Whether you are constructing a new self-storage building or renovating an existing facility, one of the most important aspects of the project is properly handling and preserving the building materials. By taking a few essential steps during the planning process, you can protect your investment and ensure that your self-storage project is completed on time and within budget. Following are best practices for shipping, receiving, storing and handling your self-storage building materials.
Conduct Pre-installation Meetings
Conducting pre-installation meetings before the material is shipped ensures each person involved with the project is aligned with the construction schedule, material sequencing and delivery. The general contractor is usually responsible for working with the manufacturer to coordinate the delivery and installation of self-storage materials. However, if your manufacturer offers project services, you can expect more involvement, such as placing orders, meeting project timelines and ensuring quality.
Ensure Proper Packaging
For materials such as roll-up doors, effective packaging solutions are essential to prevent issues like damaged paint and broken drum components resulting from sheets rubbing together, dropped packages and other damage-inducing activities. Packaging solutions should consider the door size, packaging configuration and typical packing, transit and storage conditions. In addition, proper packaging ensures that products remain operational, aesthetically pleasing and ready for install upon delivery, minimizing the potential for schedule delays and additional costs.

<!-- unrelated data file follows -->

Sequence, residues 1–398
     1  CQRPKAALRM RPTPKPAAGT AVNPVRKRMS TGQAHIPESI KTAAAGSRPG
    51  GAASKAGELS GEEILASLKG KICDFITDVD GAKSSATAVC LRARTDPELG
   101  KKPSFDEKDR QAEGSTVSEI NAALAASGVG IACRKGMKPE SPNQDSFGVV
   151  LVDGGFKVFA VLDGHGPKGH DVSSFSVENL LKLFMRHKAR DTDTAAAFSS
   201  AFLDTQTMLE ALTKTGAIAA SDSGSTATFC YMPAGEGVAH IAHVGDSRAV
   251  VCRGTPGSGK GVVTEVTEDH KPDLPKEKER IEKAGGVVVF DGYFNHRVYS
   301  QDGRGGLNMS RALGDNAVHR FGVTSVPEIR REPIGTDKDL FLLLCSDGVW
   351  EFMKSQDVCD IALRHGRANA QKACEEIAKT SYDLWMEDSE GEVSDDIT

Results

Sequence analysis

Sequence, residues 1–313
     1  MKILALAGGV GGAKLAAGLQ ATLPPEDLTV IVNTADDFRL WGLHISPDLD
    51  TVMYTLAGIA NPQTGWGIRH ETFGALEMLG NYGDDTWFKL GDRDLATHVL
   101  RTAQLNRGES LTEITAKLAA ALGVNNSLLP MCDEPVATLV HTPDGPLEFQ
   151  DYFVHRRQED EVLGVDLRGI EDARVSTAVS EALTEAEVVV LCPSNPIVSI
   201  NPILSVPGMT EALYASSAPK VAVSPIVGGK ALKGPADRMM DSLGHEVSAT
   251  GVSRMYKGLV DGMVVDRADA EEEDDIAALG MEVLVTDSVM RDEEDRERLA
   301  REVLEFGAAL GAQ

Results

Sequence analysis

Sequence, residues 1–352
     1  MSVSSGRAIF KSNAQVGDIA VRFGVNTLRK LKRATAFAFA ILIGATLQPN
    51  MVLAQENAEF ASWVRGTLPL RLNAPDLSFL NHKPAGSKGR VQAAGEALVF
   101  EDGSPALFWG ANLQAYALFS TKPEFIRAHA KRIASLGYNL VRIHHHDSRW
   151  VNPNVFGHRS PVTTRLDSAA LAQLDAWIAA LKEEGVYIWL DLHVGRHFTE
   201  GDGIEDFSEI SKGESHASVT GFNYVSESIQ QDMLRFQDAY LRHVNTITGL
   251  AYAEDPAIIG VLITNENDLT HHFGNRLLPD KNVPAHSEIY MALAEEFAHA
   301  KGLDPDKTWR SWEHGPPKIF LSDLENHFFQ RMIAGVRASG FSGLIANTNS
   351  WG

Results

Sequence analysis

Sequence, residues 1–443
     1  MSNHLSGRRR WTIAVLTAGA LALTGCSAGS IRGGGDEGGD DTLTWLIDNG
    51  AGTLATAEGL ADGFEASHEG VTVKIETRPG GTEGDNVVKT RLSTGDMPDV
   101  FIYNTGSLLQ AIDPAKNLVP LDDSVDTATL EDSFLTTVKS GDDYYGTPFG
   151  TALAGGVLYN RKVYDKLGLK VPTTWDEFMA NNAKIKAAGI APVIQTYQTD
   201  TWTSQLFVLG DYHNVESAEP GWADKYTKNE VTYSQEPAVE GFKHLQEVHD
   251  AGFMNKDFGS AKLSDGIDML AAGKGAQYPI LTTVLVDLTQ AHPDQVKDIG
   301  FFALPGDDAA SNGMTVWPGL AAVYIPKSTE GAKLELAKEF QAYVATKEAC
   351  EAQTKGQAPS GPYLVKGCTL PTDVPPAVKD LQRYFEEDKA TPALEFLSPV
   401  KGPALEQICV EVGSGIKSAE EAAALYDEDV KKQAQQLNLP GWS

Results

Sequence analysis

Schedule Material Delivery Around Construction Sequencing
When scheduling material delivery for your self-storage project, consider the order in which materials will be installed. To enable job site efficiency, make sure you communicate the construction sequencing with your manufacturer so they can ensure the right material arrives on the job site at the right time. Early deliveries could lead to damaged materials, while late deliveries could lead to costly slowdowns.
When determining construction sequencing, ensure that all other electrical, plumbing and mechanical trades are at least 90% completed before the materials are delivered and installed. For smaller projects, all materials can be delivered at the same time because the installation process is quicker. For larger projects, material delivery should be staggered. For example, hallway systems should be completed, and the headers and frames should be installed before the roll-up doors are delivered to the site. For multi-story projects, the delivery should be broken up into phases for each floor.
Designate Staging Area to Receive Materials
Ensure the person responsible for receiving materials at the job site has experience with proper material management for self-storage facilities. Before the material arrives, designate an offload staging area with the proper equipment to unload the product safely and damage-free. Confirm that the job site conditions are favorable for delivery and the laydown areas are free of standing water and protected from weather conditions that can deteriorate the material. Once the material arrives, ensure the packing slip matches the materials that have been delivered.
Inspecting Materials for Discrepancies